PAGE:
From an implementation perspective, it simply does not match the reality on the ground for many communities that will be required to purchase electric buses, particularly our rural communities. There is currently a significant lack of infrastructure (charging stations) in some rural communities to support electric buses that may have to drive close to 100 miles one way up hills, through snow and with the heater running the entire time. But I digress.

While policy implementation issues are important, and often significant, the ongoing fiscal impact of unfunded mandates cannot be underestimated. The State Controller’s 2023 State-Mandated Program Cost Report of Unpaid Claims & Deficiencies assessed the amount of insufficient appropriations for education reimbursement claims filed for state-mandated programs at a whopping $840 million.

Over the years, the state has consistently maneuvered to avoid fully paying for new mandated programs. This maneuvering has included deferring mandate payments, not including money in the state budget for mandate reimbursements, making partial payments and simply declaring that other funding LEAs receive can pay for the mandate. Further, the process for obtaining reimbursements from the Commission on State Mandates can be onerous.

In the 2012–13 Budget Act, the state created an alternative to the mandated claims process by establishing a mandate reimbursement block grant that provided a per-pupil allotment to an LEA in lieu of a reimbursement based on claims. Although it provides greater funding flexibility for schools, it is subject to the annual state budget process and thus delays or even underfunds the true cost of a state mandate. Gov. Gavin Newsom’s 2024–25 proposed budget includes approximately $288 million for the block grant.

While the block grant provides simplicity, its creation was intended to avoid reimbursing LEAs for the full cost of mandates. Every time the state skirts its obligation to fully fund a mandate, it means that a school, city or county must “find” money from other programs or services to implement the state requirement. This potentially creates a ripple effect where another program, service or requirement — probably mandated by the state — must suffer in an effort to implement the new requirement. I would submit this defeats the purpose of the mandates and demonstrates that unfunded mandates do not support the well-being of California’s schools or residents.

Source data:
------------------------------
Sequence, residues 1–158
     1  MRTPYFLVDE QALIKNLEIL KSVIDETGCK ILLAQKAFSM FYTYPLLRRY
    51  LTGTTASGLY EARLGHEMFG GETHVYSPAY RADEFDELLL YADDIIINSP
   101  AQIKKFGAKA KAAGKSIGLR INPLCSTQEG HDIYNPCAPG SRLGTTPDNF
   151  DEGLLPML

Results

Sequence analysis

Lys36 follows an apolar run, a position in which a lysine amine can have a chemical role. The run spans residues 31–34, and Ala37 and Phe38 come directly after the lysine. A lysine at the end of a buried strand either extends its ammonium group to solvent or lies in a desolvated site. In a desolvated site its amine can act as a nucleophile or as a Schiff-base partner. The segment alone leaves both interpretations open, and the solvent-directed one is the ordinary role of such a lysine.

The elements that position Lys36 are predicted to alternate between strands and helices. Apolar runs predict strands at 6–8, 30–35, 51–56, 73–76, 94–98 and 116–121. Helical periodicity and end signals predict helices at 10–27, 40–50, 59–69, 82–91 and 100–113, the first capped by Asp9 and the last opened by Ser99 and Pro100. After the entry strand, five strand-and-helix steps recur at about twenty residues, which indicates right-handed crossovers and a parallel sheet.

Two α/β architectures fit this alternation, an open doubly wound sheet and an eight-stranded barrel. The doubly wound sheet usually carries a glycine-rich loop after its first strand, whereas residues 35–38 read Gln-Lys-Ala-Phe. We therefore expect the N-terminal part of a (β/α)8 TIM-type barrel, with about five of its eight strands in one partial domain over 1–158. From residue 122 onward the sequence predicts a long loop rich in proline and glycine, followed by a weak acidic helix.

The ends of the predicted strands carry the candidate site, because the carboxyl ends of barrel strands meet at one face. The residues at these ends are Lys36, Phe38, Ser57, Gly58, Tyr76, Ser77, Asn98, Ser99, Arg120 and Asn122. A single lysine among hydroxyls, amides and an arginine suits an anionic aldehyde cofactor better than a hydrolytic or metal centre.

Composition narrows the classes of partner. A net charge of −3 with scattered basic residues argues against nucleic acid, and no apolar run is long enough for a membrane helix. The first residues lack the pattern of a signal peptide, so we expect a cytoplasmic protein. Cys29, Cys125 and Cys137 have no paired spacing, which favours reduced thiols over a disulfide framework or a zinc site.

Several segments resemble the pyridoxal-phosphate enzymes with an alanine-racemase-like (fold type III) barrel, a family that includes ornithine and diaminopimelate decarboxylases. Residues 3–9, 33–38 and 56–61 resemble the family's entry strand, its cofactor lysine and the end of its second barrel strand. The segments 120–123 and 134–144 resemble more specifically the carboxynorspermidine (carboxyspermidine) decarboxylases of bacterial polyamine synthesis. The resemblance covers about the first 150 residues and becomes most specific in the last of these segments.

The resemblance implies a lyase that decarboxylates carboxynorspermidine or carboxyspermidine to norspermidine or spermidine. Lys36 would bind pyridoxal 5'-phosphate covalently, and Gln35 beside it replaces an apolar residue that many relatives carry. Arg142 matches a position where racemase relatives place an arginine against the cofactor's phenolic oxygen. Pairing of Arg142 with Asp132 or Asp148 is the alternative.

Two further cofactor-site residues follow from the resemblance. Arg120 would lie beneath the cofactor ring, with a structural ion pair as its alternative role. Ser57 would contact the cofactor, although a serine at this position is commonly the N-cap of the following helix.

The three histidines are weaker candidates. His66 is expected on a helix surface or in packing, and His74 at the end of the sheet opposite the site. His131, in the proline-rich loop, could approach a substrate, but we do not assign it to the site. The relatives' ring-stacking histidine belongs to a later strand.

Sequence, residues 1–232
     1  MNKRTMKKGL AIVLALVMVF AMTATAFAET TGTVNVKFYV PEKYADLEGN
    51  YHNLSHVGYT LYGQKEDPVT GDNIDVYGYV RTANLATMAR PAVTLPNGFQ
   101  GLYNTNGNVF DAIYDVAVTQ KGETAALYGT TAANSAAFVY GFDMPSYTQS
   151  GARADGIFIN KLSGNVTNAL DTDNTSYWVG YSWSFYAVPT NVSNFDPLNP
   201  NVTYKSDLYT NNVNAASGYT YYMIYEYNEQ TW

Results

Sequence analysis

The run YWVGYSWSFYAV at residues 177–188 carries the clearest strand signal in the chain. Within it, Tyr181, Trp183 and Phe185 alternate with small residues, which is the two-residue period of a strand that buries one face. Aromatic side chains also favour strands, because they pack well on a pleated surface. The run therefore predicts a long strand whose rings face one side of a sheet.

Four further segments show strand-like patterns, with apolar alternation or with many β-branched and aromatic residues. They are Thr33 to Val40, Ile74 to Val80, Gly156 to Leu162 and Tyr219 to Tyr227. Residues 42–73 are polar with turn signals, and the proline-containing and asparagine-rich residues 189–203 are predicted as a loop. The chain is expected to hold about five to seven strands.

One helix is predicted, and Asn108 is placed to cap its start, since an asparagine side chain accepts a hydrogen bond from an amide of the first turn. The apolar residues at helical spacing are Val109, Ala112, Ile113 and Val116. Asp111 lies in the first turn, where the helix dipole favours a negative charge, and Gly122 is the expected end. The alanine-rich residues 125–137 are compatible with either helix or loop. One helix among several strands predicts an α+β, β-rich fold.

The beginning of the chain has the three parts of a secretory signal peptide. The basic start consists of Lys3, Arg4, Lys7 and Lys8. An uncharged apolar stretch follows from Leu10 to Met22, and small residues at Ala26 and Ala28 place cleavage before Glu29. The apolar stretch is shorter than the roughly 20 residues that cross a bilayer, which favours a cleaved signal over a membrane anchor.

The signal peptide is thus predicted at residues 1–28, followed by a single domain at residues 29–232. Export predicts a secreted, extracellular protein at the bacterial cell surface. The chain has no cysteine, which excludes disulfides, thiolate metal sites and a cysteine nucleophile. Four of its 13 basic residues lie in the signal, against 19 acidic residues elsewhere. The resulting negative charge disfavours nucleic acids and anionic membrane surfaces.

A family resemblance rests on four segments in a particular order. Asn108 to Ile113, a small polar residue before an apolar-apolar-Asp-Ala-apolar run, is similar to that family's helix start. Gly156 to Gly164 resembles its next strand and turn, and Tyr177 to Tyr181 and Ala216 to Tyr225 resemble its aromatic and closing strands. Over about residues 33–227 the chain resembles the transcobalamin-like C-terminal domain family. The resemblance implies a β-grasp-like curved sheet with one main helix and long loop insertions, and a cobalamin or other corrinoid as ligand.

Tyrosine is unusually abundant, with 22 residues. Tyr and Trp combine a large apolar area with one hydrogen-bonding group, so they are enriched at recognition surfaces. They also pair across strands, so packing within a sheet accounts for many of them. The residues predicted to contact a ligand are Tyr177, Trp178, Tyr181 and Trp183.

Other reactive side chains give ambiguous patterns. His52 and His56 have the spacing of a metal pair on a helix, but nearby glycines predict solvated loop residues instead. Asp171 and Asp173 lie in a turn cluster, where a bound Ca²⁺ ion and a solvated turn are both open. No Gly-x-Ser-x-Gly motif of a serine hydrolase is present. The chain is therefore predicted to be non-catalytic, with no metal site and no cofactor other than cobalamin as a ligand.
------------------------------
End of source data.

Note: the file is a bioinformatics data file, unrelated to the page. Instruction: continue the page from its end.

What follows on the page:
If the state believes a program, service or activity is critical, then they should provide LEAs with the resources that match the actual costs to implement. For years, CSBA has been at the forefront of challenging unfunded mandates in the Legislature and in the courts. CSBA’s Education Legal Alliance has participated in, and led, major lawsuits against the state’s efforts to saddle LEAs with expensive unfunded and underfunded mandates, and we will continue to do so.

With the state budget ballooning to $73 billion, it’s a good time to advocate for relief from the undue imposition of unfunded and underfunded mandates. If we don’t, this gift from the state will keep on “giving” — and costing you precious resources.